Why are there two bronze medals given out at the Olympics in Judo?

Dear Sports Fan,

Why are there two bronze medals given out at the Olympics in Judo?


Dear Meredith,

Whoa! I didn’t know about that. I knew that there could be two bronze medals given out (or two or even more gold or silvers) in the case of ties, but I didn’t realize that an event could choose to always give out two bronze medals. Judo does just that. I’m not sure I can tell you why this is, but I can tell you how it works, and then venture a guess about why.

I wrote about repechages at the Olympics the other day. A repechage is a competition that gives athletes who have already lost a second chance to advance to the next round in an event. Judo uses something very similar. The first few rounds of the judo tournament are normal single elimination. Lose, and you’re out. Once the quarterfinals begin, however, things get a little funny.

The four winners of the quarterfinals go onto the semifinals. They compete against each other and the two winners move to the finals. Meanwhile, the four quarterfinal losers go to a repechage-like round where they fight each other. The two winners of that advance to play against the two semifinal losers. This results in two matches, each of which pit one semifinal loser against one quarterfinal loser who then went on to win the repechage. Since these are parallel bouts in all ways, each of them is for a bronze medal!

This might be easier to understand visually. The bold letters win their matches.

Quarterfinals: A vs B | C vs D | E vs F | G vs H |
Semifinals: vs C | vs G | Repechages: vs D | vs H
Finals: vs E | Bronze Medal Matches: vs B | vs F

Now, why judo does this is another story. My guess is that it’s because judo is not a naturally competitive sport. The Wikipedia entry on Judo has an illuminating quote from the activity’s founding father, Kanō Jigorō:

For one thing, judo in reality is not a mere sport or game. I regard it as a principle of life, art and science. In fact, it is a means for personal cultural attainment. Then the Olympic Games are so strongly flavored with nationalism that it is possible to be influenced by it and to develop “Contest Judo”, a retrograde form… Judo should be free as art and science from any external influences, political, national, racial, and financial or any other organized interest. And all things connected with it should be directed to its ultimate object, the “Benefit of Humanity”.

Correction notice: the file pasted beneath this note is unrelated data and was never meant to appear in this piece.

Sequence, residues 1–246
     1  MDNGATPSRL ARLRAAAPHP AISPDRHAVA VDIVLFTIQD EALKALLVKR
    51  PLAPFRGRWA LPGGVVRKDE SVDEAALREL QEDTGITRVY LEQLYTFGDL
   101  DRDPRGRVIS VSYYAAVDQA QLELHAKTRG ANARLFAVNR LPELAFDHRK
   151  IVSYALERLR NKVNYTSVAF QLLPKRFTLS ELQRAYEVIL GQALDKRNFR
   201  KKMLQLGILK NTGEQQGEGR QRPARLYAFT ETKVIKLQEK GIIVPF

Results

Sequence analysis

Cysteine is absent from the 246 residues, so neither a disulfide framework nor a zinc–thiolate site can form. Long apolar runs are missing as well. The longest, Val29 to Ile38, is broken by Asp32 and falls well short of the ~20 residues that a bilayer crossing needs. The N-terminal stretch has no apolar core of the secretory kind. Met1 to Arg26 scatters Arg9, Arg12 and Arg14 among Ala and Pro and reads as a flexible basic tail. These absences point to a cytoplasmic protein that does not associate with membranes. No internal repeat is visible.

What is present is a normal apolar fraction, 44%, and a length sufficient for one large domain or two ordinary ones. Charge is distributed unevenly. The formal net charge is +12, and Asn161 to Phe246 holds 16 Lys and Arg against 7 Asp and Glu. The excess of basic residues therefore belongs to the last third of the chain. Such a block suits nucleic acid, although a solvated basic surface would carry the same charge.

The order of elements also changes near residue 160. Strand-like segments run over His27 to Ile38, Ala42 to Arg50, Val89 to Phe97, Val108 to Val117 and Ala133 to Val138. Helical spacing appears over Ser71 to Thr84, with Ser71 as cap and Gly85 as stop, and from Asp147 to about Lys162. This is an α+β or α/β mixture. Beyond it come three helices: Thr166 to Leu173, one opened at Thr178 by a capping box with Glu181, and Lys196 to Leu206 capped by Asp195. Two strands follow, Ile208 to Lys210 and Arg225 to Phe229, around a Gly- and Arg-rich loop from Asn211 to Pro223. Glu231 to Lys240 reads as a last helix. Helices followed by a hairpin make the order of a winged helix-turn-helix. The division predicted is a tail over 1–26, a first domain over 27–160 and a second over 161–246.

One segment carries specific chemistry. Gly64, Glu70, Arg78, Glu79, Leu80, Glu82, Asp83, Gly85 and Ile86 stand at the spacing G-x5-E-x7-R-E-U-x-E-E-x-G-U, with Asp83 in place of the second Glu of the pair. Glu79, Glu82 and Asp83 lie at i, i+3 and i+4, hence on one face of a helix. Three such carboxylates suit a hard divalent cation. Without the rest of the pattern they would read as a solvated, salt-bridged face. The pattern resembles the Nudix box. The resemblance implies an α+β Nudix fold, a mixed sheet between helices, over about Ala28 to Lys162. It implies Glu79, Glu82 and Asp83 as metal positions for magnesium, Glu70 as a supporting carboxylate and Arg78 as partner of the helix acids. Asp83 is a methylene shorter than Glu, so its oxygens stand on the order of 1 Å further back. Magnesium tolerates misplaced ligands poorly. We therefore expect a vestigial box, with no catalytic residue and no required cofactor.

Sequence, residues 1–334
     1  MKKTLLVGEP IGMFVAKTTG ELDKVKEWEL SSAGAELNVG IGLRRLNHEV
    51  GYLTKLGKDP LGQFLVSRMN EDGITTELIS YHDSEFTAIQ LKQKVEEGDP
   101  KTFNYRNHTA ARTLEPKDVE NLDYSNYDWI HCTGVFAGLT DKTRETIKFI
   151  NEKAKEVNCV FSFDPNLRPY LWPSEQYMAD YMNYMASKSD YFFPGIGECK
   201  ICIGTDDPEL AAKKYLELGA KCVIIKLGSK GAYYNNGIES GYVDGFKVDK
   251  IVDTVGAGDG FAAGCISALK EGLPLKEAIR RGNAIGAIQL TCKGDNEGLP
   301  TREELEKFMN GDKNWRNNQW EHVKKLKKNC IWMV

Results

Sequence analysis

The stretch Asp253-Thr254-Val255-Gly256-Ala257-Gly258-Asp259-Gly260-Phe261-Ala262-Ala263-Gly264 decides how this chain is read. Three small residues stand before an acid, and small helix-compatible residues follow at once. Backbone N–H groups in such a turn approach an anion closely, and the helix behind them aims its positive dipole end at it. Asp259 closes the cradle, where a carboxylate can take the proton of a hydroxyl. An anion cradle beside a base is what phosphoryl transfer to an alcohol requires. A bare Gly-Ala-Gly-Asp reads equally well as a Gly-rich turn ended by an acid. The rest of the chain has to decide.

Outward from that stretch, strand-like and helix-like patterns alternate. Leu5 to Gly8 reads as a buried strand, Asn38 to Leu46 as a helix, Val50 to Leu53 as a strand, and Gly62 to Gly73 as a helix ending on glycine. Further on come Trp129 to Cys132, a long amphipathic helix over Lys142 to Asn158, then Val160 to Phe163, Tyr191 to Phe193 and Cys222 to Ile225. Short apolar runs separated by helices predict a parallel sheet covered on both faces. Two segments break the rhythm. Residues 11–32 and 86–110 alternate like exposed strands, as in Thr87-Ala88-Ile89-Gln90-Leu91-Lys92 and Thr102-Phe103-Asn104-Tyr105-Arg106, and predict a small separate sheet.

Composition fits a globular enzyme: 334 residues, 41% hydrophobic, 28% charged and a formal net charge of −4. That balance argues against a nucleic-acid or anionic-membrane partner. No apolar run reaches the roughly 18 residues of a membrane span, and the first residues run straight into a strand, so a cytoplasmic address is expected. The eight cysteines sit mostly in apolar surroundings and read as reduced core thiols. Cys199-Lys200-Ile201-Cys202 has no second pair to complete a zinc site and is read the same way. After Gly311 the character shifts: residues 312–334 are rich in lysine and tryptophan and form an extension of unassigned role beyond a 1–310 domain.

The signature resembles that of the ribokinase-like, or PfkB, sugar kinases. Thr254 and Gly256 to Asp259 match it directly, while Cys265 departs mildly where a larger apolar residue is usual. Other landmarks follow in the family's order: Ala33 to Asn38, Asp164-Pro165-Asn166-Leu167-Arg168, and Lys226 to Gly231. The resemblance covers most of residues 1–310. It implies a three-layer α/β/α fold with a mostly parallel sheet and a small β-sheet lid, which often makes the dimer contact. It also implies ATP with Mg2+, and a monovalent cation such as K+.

Maybe, just maybe, in the competitive desert that is the modern Olympics, judo’s granting of two bronze medals is an oasis of anti-competitive spirit.

Thanks for reading,
Ezra Fischer

Summer Olympics: All About Judo

All About Judo

Judo is the Olympics’ only sport which stems from an Eastern martial art. Invented in the 1880s, Judo began as a martial art emphasizing principles of “maximum efficiency, minimal effort” and “mutual welfare and benefit”. Judo is acrobatic combat, impressive in its speed and suddenness.

How Does Judo Work?

Although the phrase “Judo chop” somehow entered the vernacular (I blame Austin Powers), there is no striking allowed in competitive Judo. Points are awarded for throwing one’s opponent to the floor. There are three degrees of throw: ippon, throwing an opponent to the ground on their back, and holding them there for 20 seconds, wazari, in which one of the elements of an ippon is missing, — for example, maybe someone landed mostly on their back but also on one elbow or was able to escape after 18 seconds — and yuko, when an opponent is thrown onto their side or immobilized for only ten seconds. Any single ippon ends the fight and wins it for the judoka performing the throw. Otherwise, bouts are either four or five minutes, with an untimed, sudden-death period if the score remains tied after that.

Why do People Like Watching

One rationale for why ALL sports are popular is that they all, in some way, simulate combat and that the urge to watch people fight is built into most people. Boxing and football, among other sports that model themselves on combat of different sorts, have become very guilty pleasures, thanks to what we now know about brain injury. Judo is a perfect antidote. It’s a combat sport without the guilt!

Check out some highlights from the 2012 Olympics:

What are the different events?

Judo, like boxing, has weight classes to provide some level of parity between opponents. Judo is organized into seven weight classes for men and women, starting at 132 lbs and ending at over 220 lbs for men and ranging from under 106 lbs for women and over 172 lbs for women.

How Dangerous is Judo?

Judo is not terribly dangerous. It seems to be one of those activities that’s actually much more dangerous for beginners than experts. Beginners are more likely to hit someone in the face illegally when they’re trying to grab them or break a bone falling to the mat than experts are. At the Olympic level, injuries are unusual.

What’s the State of Gender Equality in Judo?

Judo has the same number of weight classes and therefore medals available for men and women. However, more men will compete for those medals than women. 220 men and only 146 women qualified for the Olympics. Women’s Judo matches are also only four minutes compared to five for men.


Bookmark the full Olympics schedule from NBC. Judo is from Saturday, August 6 to Friday, August 12.

Read more about judo on the official Rio Olympics site.